No matter how much you love your job, we all need a break from the daily grind. Americans work hard, but as a culture, we are beginning to place a higher value on work-life balance. With that in mind, creating a highly attractive benefits package that includes enough paid time off (PTO) can be quite the challenge, especially for small businesses. It’s vital to understand what matters most to employees.
A new survey commissioned by TSheets has revealed what 400 employees think about their respective employer’s paid time off policy.*
See what employees are saying.
Most employers grant paid time off. In fact, only 16 percent of respondents said they received no PTO at all last year.
So having a PTO policy seems to be the norm, but what’s the standard number of days allowed? We found that, typically, employers give 11-15 days per year.
Does that figure only sound like dollar signs to you? Turns out, providing a paid time off policy for your employees may not be as expensive as it sounds.
Of the workers who received their PTO, 70 percent did not use all their PTO last year, with 26 percent of them having 10 or more unused days at year’s end. If you look at the total number of employees working in the United States (about 151 million), these numbers imply that employees left 600 million days of PTO unused.
The answer may not be a surprise. Nearly half of respondents said they were too busy to use their PTO.
Still, 88 percent of respondents said their employers should provide paid time off, and 63 percent would turn down a job offer if it did not include the benefit.
Although most people are getting at least some paid time off, many — about 1 in 3 U.S. workers — say they’d be happier if they had more PTO.
PTO has more value to US employees than just “free time.” Employees are looking for a benefits package that also includes paid holidays and sick leave. Although we found older workers are more likely to want sick leave and personal days, 85 percent of employees said sick leave is still important.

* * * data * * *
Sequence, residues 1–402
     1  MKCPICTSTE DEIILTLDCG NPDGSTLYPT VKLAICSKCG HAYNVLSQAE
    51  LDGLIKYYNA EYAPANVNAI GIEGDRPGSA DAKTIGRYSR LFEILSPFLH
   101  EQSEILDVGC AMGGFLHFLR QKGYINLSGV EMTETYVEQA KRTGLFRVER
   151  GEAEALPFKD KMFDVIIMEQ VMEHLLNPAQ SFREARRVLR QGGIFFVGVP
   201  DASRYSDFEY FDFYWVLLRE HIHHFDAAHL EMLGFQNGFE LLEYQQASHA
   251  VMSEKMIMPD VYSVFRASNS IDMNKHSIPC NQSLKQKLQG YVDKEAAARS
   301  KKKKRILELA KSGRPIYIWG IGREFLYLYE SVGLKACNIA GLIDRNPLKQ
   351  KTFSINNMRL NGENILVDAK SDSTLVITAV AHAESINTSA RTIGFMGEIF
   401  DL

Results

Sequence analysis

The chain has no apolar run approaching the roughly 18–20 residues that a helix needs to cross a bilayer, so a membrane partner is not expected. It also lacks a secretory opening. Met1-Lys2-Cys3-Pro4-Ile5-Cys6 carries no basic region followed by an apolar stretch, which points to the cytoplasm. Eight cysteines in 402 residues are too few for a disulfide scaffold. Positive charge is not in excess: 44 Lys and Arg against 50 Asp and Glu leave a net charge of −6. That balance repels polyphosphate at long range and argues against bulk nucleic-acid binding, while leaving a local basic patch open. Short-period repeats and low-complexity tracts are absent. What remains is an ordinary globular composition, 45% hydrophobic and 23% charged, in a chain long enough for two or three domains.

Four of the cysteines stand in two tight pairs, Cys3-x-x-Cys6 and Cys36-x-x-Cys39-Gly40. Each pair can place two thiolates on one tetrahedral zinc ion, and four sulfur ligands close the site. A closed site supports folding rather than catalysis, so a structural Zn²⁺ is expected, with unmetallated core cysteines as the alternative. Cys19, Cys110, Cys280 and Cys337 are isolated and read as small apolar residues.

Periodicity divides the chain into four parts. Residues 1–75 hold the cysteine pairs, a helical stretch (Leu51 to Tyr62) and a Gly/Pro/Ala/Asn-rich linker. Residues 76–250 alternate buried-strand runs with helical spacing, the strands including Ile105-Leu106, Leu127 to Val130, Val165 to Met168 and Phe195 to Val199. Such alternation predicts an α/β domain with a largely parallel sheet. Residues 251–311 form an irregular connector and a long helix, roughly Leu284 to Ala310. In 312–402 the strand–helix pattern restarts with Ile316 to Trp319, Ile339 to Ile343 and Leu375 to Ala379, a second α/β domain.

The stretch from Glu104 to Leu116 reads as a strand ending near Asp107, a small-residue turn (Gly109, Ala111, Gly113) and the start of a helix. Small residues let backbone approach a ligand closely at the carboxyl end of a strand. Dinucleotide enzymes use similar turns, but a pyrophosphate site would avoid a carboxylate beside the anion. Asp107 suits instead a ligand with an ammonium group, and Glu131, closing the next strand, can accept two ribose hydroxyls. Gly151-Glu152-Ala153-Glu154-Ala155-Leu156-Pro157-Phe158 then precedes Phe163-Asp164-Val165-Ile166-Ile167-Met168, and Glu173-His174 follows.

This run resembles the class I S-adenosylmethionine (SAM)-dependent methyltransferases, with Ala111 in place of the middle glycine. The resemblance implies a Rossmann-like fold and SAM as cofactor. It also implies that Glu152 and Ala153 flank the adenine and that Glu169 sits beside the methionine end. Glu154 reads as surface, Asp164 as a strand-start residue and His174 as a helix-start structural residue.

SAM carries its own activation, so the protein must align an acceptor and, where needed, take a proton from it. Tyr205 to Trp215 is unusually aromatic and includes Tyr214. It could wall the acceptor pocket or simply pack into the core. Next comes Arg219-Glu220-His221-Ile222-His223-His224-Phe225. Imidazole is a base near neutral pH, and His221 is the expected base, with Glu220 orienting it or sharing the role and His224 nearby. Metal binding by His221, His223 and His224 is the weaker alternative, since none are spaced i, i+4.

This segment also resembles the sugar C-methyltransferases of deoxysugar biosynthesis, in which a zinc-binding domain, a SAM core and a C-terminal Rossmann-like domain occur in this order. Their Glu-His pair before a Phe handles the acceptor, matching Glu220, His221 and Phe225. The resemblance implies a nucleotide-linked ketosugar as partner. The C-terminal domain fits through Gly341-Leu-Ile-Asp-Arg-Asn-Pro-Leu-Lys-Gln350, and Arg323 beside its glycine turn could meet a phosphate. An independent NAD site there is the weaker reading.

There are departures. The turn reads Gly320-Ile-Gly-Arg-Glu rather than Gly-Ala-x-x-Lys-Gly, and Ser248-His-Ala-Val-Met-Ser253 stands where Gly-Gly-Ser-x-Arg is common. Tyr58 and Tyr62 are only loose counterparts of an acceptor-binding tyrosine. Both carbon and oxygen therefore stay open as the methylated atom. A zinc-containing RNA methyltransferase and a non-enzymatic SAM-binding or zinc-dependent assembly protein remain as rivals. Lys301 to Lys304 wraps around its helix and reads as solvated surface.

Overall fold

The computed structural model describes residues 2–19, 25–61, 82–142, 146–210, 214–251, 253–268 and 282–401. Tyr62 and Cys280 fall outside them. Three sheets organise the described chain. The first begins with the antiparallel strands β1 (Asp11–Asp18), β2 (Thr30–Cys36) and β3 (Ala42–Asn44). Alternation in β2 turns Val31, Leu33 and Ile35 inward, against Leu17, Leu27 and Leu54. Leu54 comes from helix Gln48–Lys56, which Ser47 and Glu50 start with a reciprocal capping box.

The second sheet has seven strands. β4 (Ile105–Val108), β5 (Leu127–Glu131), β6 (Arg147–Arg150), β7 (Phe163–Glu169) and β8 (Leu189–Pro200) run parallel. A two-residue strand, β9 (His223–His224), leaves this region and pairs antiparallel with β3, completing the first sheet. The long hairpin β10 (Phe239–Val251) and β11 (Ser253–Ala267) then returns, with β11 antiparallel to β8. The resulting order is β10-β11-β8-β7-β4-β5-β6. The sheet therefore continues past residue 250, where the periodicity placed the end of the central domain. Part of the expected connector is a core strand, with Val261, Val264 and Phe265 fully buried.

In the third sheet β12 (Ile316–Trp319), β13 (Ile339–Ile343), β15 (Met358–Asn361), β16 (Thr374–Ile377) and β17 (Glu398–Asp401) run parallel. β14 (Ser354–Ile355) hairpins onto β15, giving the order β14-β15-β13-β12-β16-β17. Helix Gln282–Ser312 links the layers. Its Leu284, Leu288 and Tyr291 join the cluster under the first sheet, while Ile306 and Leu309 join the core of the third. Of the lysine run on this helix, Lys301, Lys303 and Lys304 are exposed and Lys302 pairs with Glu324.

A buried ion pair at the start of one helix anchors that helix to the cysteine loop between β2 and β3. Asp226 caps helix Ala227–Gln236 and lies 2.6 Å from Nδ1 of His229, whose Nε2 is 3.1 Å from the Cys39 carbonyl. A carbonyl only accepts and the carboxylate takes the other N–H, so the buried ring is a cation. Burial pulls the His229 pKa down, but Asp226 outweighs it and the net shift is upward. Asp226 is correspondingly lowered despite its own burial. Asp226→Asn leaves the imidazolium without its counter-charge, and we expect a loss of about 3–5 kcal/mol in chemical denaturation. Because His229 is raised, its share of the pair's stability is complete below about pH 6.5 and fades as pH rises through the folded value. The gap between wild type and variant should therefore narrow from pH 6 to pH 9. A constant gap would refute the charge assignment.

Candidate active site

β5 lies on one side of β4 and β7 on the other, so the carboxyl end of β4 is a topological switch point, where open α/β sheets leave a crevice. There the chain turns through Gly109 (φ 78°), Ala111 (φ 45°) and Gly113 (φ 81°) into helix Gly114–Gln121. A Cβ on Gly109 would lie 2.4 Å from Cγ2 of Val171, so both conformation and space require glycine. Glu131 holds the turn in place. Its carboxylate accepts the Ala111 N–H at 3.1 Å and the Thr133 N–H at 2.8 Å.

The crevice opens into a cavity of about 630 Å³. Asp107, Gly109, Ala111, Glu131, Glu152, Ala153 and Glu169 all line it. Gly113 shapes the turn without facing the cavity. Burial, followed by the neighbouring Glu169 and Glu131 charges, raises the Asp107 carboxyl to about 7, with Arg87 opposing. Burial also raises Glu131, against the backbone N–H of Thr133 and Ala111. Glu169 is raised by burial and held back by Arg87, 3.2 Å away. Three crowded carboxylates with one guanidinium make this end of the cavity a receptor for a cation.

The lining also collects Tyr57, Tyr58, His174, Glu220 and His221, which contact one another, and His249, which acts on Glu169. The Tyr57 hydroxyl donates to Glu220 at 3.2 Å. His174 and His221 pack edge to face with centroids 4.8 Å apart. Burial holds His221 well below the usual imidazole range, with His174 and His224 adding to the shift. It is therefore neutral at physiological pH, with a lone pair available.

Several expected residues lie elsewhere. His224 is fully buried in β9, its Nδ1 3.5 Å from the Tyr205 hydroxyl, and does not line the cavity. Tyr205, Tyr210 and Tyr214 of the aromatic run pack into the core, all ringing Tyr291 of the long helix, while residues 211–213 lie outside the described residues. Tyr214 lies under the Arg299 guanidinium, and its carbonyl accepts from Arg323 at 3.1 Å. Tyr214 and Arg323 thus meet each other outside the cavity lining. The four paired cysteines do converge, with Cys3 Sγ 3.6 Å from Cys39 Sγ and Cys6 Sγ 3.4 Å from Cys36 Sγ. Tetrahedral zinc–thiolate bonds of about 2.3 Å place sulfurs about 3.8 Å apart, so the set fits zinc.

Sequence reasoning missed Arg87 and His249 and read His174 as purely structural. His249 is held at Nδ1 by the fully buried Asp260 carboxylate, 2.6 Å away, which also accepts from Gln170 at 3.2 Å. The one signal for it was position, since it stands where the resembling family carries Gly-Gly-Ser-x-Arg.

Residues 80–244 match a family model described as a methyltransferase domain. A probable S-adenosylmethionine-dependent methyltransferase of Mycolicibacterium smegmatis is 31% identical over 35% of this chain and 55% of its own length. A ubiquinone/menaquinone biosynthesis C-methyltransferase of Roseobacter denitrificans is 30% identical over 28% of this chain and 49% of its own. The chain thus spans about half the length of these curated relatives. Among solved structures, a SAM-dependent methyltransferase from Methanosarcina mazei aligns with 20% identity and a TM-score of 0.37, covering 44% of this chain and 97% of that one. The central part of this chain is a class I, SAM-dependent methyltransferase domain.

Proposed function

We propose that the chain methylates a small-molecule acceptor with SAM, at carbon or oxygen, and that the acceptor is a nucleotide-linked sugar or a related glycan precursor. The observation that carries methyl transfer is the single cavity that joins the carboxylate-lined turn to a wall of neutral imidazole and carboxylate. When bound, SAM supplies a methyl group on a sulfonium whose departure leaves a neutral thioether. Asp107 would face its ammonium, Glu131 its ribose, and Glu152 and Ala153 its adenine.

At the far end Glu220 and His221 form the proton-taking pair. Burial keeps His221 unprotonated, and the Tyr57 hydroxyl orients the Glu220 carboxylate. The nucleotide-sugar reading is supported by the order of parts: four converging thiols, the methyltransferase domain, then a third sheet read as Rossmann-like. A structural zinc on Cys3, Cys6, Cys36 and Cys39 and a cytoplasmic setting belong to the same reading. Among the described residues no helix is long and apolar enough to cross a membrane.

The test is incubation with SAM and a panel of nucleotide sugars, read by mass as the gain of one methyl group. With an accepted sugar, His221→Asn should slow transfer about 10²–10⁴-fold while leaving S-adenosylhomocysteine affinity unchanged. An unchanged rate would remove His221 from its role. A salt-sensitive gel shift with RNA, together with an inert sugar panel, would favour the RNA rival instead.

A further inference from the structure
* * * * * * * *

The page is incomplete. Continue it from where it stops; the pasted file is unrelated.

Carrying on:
So sick leave and paid holidays are high-value benefits. But is there also a great deal of value in providing your employees family leave? Some employers offer maternity leave, but not all offer it in addition to paid time off. Our findings show that about 11 percent of employers offer paid maternity leave in addition to PTO, and around 8 percent offer both maternity and paternity leave in addition to PTO.
But 72 percent of employees say companies should provide maternity leave. And younger workers are more likely to demand maternity and paternity leave. Interested in attracting millennial employees to your business? This figure might be something to consider.
Employees are hitting the road with their PTO. The highest percentage of employees, or 30 percent of respondents polled, said they would take a vacation in the US with their paid time off. Nearly the same number — 28 percent — responded that they’d spend time with family. One in four said they would take a staycation at home and just 5 percent said they would travel abroad.
Overall, employees want higher compensation in general. When all's said and done, most employees — about 80 percent — would prefer a pay raise to additional PTO. That being said, 62 percent of employees said they’d forgo a raise for a more flexible work schedule. And fortunately for your business, offering a flexible schedule doesn’t cost you anything.
*Methodology: TSheets commissioned Pollfish to survey 400 U.S. employees in April 2017 about how much paid time off they get, how they use it, and the value they place in it. The respondents were all over the age of 18 and "employed for wages."